Victoria must pass laws to recognise that firefighters have developed post-traumatic stress from working in the line of duty, a union says.
The call follows the release of a report, prepared for the UFU, which says firefighters may be at higher risk of committing suicide, given the psychological impact of the job.
"Given the psychological impact of firefighting, higher prevalence of PTSD, depression, anxiety and alcohol or drug use, there is a probability that firefighters may be more likely to commit suicide," says the report, released on Monday.
UFU Victorian secretary Peter Marshall says it wants the state government to introduce legislation recognising post-traumatic stress as being a workplace illness for firefighters, saying its world-first introduction in Canada has led to more firefighters coming forward seeking counselling.
"Firefighters are experiencing a very high level of post-traumatic stress and, at the same time, the support systems that were put in place, were put in place in the late `80s and they haven't met contemporary needs," Mr Marshall told reporters on Monday.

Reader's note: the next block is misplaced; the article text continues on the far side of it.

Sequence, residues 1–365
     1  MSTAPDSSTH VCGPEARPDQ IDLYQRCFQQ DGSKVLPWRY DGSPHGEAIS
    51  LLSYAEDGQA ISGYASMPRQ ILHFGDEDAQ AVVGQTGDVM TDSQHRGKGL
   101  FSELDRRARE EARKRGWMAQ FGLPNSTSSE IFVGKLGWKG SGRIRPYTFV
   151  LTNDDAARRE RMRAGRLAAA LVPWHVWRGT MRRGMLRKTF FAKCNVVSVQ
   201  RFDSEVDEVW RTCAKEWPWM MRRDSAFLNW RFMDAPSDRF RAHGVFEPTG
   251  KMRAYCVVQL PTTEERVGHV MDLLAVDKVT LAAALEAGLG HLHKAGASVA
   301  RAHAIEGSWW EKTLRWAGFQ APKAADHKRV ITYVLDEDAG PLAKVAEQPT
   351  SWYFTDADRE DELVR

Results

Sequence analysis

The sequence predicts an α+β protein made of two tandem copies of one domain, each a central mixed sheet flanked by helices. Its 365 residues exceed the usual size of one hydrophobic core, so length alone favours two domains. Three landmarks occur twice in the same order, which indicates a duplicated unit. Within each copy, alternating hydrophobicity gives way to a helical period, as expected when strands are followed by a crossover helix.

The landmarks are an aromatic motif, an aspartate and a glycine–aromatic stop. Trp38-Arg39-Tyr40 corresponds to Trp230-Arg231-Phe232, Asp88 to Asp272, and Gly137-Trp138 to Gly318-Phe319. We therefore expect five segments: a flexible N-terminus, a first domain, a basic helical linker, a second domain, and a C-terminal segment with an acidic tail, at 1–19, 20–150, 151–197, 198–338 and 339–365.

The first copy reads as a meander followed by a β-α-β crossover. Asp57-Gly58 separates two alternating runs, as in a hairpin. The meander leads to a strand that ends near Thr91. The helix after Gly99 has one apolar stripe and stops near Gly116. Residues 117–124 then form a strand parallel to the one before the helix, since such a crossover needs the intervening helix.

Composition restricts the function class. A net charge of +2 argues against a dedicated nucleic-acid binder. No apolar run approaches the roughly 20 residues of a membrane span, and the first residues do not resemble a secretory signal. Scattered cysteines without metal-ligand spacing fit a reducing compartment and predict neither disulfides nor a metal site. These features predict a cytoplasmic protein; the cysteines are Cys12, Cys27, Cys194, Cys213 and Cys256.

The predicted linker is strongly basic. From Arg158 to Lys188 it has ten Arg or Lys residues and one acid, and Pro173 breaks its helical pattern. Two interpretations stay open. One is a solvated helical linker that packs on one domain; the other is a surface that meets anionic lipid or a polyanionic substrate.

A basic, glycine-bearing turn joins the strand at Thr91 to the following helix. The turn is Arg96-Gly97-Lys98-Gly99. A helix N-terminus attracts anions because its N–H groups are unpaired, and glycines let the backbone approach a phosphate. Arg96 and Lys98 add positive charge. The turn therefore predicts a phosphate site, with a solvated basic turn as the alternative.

He said post-traumatic stress is an ever-increasing illness within firefighting, and follows changes to the role of firefighters.
Since 2001, firefighters now also respond to medical emergencies, including suicides, child deaths and crime-scene clean-ups.
He said legislation introduced in Edmonton, Canada, recognised the disorder as being a workplace illness for firefighters.
"A lot of firefighters don't know how to access the system," he said.
MFB leading firefighter Danny Ward says firefighters can be reluctant to seek help.
"They all think they're a little bit tough and they don't need that help," Mr Ward told reporters.
"We've lost a few through suicide. I'm not saying the job was the greatest impact on that, but certainly it would have had some sort of impact on some of them."
Deputy Premier Peter Ryan noted how the state had pushed through the second-largest budget for funding fire services.
"I reject absolutely any assertion that whatever might be the matters in the report, which the union has commissioned, in any way shape or form, are the result of or an outcome from so-called budgetary matters," he told reporters.
* Readers seeking support and information about suicide prevention can contact Lifeline on 13 11 14.